MICHELE NORRIS, host:
It's only Tuesday and it's already been a busy week for the Republican National Committee. The RNC has been in damage-control mode after its monthly financial report was discovered to include a $1,900 tab run up by some of the donors at a topless nightclub.
But beneath that furor lies another question: If the RNC is raising record amounts of money, why does it have so little of it left in the bank? NPR's Peter Overby reports.
PETER OVERBY: The committee says one staffer went on the nightclub jaunt, submitted the bill as a committee expense and has now been fired. But that was only the raciest bit of a West Coast trip by RNC Chairman Michael Steele and other party officials. Some other items cost considerably more than an evening watching simulated sex.
David Levinthal is with the nonpartisan Center for Responsive Politics.
Mr. DAVID LEVINTHAL (Communications Director, Center for Responsive Politics): You had more than $9,000 that was spent at a Beverly Hills hotel. There was more than $6,500 that was spent at a Four Seasons hotel.
OVERBY: These might just seem like garden variety gotchas on the expense account, except for this: The RNC is spending more money than it's raising: $109 million in and $115 million out since January of 2009. Again, David Levinthal.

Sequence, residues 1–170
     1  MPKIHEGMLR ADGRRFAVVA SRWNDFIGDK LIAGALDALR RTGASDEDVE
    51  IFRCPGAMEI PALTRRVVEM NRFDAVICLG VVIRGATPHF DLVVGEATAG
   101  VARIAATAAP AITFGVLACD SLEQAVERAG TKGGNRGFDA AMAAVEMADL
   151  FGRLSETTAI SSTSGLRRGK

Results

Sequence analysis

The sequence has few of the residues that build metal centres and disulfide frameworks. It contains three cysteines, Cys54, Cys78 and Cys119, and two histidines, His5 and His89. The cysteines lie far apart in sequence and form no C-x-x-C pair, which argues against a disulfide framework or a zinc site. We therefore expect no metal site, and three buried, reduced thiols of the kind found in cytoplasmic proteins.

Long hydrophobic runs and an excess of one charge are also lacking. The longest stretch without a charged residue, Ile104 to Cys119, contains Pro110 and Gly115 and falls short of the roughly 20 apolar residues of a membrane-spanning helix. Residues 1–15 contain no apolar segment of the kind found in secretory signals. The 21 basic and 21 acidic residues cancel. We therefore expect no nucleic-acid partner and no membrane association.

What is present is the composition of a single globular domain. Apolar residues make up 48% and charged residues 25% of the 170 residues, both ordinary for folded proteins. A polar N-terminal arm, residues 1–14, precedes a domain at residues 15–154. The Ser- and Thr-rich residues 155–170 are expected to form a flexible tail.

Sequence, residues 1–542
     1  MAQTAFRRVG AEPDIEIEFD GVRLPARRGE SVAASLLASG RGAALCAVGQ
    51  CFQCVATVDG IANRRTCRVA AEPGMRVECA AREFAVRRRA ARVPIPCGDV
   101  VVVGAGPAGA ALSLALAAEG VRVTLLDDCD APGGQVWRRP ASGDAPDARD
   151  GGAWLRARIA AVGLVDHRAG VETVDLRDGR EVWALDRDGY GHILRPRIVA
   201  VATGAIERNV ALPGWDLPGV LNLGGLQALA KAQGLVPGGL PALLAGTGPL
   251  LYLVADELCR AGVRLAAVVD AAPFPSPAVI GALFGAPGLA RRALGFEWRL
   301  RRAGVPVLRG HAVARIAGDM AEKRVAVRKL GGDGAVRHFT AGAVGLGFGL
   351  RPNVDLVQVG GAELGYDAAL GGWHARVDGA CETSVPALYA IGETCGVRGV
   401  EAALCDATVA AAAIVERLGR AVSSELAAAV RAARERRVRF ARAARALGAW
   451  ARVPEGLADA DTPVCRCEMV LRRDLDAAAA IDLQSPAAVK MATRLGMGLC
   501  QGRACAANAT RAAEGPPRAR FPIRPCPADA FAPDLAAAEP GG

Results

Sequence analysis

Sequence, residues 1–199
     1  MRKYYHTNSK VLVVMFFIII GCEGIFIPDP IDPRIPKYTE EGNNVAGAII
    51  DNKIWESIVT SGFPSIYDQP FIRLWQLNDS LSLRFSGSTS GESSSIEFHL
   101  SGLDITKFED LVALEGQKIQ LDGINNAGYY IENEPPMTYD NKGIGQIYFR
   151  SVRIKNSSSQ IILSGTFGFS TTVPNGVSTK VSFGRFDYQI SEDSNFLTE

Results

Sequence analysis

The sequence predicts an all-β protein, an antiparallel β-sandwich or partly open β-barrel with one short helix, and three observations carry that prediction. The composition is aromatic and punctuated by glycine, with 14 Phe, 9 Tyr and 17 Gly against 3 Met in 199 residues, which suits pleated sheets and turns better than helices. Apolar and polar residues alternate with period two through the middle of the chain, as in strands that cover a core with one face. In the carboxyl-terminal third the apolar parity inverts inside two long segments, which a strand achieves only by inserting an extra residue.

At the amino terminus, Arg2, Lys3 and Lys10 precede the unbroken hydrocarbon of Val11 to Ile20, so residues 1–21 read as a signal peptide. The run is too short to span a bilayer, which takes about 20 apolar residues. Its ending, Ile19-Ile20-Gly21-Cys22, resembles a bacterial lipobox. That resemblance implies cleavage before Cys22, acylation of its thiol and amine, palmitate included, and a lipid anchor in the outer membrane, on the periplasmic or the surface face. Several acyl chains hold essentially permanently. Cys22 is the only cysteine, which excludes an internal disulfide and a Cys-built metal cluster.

Mr. LEVINTHAL: It's a risky proposition. If you spend a lot of money, and your fundraising operation is not keeping pace, then when it's crunch time, and you're really making your final push, are you going to be able to do it in a major way? And that's a question for the RNC right now.
OVERBY: A question that RNC spokesman Doug Heye is happy to answer. He says Steele has a strategy, and it's working.
Mr. DOUG HEYE (Spokesman, Republican National Committee): We have spent more money, and we've invested that, whether it's been in Virginia for the successful governor's race, whether it's been in New Jersey, also for that successful governor's race, Massachusetts, for Scott Brown's election, but then also in states that aren't really on people's radar screen yet.
OVERBY: States like Pennsylvania, with a state Supreme Court race that could affect redistricting in 2011.
But the RNC also has problems on the income side of the equation. Steele has been pushing hard to enlist small donors, but midrange and big donors aren't so fired up. The RNC's Doug Heye.
Mr. HEYE: When you don't have that advantage of the White House or either chamber of Congress, that makes it more difficult to raise money. It means you have to prospect with mail a lot more. It means you have to be very creative in how you raise money. And unfortunately that costs money, too.
OVERBY: In fact, it appears that the expense of small-donor fundraising has eaten up more than 40 cents of every dollar the RNC has raised since January, 2009.
The RNC has garnered about $20 million more from small donors than the Democratic National Committee has, reflecting, in part, the disengagement of many liberals after President Obama was elected. But among high-dollar givers those giving more than $200 the Democrats have raised 50 percent more than the RNC.
All this leaves the Republican National Committee little time to switch gears if they want to cut prospecting costs and find a sales pitch that works on bigger donors with bigger checkbooks.
Peter Overby, NPR News, Washington.
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